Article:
Alcoholism takes away peace

Special to the Herald-Guide

July 11 at 9:24 am  | Mobile Reader | Pring this storyPrint 

By "Deacon G"

How many of us at one time or another have had one too many to drink? Perhaps it happened accidentally in our youth. We saw the older kids or adults drinking and since we were told we were too young to drink, we were even more tempted to find out what the “poisoned fruit” was all about.

We might have sneaked a couple drinks at a wedding reception when no one was really paying attention or perhaps we raided the fridge or bar at home when no one was looking. After three or four or more, (who’s counting), we either slip into a slumber and wake up with a bad headache, or we find our way to the porcelain throne, vomit, and still have a terrible hangover. How we responded to this experiment had serious consequences, either good or bad, for the rest of our lives. Even if our foray into the world of alcohol didn’t occur until later in life, what we learned from getting drunk and how we put that information to work in our lives, affected our future in ways that we can’t always measure.

For those who learned to drink in moderation, who know when to stop, and who never became addicted or hurt themselves or others by drinking, they only need to look at those who are alcoholics and the losses they’ve suffered, in order to know the blessings they’ve received by not over-indulging and they should proclaim, “There but for the grace of God, go I.” For they have not known the losses caused by uncontrolled drinking, such as the loss of a job, of a spouse or family, of wealth, of good health, of consolation, of friendships, of freedom and other valuable treasures in life.

If we find ourselves starting to slip a little from being just a casual drinker, to someone who is experiencing more than an occasional “morning after” regret, then we should seek help immediately. It could be something as simple as having someone with us monitor our behavior and remind us when it’s time to stop. Some people rely on their “designated driver” for this. However, when we ask someone to do this and we fail to take their advice, then we definitely have a drinking problem. Having a designated driver on a regular basis for the purpose of abusing alcohol, also is a sign that we are on a train going downhill into a dead end.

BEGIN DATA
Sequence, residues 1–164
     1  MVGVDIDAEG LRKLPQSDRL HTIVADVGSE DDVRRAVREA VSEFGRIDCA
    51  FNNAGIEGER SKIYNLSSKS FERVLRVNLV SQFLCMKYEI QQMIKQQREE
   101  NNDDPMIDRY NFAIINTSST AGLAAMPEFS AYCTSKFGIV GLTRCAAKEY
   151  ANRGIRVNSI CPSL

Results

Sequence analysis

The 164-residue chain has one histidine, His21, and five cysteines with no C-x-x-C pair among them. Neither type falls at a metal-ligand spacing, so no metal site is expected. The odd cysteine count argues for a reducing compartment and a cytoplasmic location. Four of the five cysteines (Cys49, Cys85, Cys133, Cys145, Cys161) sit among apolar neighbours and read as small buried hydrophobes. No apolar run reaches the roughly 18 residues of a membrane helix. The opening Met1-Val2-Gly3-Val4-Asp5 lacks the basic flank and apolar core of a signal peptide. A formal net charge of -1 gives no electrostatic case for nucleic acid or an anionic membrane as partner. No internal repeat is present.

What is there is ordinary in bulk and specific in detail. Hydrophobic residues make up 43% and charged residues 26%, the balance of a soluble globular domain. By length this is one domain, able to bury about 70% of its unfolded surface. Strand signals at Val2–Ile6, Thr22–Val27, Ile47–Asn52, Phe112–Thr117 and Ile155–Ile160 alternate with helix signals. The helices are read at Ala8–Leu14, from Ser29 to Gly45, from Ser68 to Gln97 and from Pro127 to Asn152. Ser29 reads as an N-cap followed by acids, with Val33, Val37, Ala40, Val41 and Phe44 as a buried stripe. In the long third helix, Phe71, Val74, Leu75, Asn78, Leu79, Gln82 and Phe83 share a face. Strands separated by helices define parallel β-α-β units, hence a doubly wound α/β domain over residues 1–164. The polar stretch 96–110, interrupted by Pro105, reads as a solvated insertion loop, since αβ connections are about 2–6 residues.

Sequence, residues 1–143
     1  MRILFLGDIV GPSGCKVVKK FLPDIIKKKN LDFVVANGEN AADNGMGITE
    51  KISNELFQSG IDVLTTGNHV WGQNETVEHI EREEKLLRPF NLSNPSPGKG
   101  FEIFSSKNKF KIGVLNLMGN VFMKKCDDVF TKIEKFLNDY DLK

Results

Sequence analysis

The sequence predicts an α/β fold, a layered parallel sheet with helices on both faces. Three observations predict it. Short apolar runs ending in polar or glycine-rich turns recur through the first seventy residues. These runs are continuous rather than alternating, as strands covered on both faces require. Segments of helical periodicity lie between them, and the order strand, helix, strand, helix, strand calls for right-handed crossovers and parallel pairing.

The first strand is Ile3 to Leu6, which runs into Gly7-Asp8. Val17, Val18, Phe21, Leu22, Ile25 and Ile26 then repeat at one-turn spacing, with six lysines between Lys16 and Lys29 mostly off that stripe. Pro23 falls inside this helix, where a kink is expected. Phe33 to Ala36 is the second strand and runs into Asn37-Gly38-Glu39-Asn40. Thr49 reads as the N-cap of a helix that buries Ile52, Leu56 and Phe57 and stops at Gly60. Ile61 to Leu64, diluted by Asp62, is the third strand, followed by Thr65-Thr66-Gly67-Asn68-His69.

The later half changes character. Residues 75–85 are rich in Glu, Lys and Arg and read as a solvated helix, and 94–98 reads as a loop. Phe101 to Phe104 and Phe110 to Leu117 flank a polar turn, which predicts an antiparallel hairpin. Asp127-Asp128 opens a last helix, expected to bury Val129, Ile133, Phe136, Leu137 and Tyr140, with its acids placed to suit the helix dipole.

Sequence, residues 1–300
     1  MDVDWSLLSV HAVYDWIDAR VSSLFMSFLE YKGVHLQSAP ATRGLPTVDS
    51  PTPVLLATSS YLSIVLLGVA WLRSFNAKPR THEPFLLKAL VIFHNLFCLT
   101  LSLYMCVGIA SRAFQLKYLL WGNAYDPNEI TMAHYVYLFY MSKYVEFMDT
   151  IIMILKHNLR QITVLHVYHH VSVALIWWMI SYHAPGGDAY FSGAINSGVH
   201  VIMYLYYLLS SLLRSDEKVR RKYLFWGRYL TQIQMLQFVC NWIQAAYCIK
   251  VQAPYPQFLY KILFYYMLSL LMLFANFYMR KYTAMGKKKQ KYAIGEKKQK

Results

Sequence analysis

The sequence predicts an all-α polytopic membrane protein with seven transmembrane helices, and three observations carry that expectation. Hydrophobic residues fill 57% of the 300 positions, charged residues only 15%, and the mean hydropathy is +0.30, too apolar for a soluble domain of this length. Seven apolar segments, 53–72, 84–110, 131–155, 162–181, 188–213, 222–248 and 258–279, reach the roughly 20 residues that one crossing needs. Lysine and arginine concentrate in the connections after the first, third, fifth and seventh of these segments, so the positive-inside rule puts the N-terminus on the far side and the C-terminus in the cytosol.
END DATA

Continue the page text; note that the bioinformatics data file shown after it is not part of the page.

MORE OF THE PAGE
We should be aware of other telltale signs that we need to change our drinking habits, such as having to take off of work because of hangovers, showing up late for meetings because we had to have just one more drink before leaving the bar, physically abusing children or our spouse while inebriated, taking money from our pay to spend at the bar instead of paying bills or buying food, recognizing that old friends no longer want to go out with us because we become too obnoxious when we drink, being arrested for driving under the influence or getting in a wreck while drunk. These and many other signs sound the trumpet for concern and change.

So what can we do if we find ourselves in this situation? We can start by removing all alcohol from our homes. Then we can enlist the support of family and friends. If they are aware of the problem and they probably are, they can help by not tempting us by having alcohol at get-togethers or at least by offering us non-alcoholic beverages as an alternative. We can attend an Alcoholics Anonymous meeting.

The only requirement is that we have a desire to stop drinking. It’s a sign that we have recognized we have a problem, that we need help, and that we request the ultimate power to help us. And speaking of the ultimate power, we can turn to prayer, for in Ephesians 5:18, 20 we read, “And do not get drunk on wine, …, but be filled with the Spirit, giving thanks always and for everything in the name of our Lord Jesus Christ to God the Father.”




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